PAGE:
Abstract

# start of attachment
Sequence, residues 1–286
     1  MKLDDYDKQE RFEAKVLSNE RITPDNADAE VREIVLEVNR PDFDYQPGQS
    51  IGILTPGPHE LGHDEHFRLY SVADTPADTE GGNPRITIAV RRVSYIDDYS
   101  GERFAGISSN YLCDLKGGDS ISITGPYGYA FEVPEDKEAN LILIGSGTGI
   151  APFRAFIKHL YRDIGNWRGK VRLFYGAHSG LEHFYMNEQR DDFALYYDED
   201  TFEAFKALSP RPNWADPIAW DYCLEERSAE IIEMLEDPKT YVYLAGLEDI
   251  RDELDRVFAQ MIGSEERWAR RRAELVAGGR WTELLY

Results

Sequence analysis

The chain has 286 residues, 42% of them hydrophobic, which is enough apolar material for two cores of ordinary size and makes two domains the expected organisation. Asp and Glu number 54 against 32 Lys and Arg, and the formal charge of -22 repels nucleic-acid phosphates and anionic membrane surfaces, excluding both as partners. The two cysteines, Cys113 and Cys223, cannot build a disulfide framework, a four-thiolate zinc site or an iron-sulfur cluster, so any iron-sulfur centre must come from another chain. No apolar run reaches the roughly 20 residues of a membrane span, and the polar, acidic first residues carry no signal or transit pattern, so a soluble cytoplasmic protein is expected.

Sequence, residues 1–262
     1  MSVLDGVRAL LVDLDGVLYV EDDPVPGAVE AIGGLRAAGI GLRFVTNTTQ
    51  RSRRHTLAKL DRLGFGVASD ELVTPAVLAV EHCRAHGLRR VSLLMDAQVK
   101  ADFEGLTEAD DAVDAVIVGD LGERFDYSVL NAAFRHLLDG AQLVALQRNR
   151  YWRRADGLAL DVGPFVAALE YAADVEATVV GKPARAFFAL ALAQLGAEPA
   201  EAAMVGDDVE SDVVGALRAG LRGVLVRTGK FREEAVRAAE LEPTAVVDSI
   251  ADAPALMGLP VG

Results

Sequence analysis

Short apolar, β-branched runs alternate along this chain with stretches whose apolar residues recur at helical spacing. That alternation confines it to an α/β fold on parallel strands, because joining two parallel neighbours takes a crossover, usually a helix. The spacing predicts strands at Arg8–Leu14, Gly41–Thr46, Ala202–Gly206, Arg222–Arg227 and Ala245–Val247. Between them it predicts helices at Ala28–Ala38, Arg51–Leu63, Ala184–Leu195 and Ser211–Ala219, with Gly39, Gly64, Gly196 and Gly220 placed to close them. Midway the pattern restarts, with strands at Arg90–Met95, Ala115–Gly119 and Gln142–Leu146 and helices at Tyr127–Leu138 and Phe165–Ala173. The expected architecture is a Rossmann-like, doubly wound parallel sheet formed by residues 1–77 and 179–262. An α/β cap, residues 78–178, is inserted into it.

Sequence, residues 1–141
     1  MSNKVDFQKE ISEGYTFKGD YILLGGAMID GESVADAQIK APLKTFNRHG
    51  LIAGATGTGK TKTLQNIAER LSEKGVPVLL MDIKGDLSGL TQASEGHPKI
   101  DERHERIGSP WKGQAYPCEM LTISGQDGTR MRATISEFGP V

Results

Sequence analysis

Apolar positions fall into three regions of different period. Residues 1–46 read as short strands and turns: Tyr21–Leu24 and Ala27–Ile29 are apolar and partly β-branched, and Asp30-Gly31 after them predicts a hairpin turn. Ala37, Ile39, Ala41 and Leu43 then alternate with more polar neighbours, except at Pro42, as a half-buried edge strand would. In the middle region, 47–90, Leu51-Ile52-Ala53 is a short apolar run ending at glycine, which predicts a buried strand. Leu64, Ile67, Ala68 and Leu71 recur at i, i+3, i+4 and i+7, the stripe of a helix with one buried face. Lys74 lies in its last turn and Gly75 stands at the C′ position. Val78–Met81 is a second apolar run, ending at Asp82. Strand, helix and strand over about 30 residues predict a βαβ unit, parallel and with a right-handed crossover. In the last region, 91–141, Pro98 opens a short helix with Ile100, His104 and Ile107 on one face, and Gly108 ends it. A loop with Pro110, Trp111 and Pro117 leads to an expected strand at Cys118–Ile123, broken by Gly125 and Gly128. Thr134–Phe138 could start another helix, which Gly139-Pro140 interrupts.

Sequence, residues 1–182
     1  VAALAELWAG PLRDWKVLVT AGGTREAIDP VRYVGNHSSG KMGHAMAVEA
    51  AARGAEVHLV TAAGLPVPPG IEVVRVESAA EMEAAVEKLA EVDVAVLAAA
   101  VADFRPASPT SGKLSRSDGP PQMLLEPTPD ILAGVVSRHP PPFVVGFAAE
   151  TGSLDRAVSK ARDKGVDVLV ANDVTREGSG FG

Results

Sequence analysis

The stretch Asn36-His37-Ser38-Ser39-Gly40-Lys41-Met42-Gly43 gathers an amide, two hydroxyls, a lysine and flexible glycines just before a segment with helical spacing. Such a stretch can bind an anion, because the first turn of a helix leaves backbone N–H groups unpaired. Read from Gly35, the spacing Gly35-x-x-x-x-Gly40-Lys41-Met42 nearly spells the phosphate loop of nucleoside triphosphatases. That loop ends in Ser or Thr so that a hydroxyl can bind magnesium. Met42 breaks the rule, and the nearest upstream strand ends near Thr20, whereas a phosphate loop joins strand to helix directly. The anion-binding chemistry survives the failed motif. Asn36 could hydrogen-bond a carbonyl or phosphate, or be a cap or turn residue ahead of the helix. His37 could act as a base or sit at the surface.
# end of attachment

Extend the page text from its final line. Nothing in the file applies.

At low magnifications, the St. Peter Sandstone from working quarries in northeastern Illinois was found to be subangular to rounded, frosted in appearance, and occasionally covered with localized, relatively large, terminated quartz overgrowths. At higher magnifications, however, the frosted surface of the quartz grains was found to consist of a layer of micron-sized, coprecipitated quartz crystals and kaolinite flakes. The delicate nature of the crystals suggests that these surface features are secondary, having a postdiagenetic origin. Based on the scanning electron microscope data presented, it is impossible to tell the state or nature of the original sand surface before deposition.

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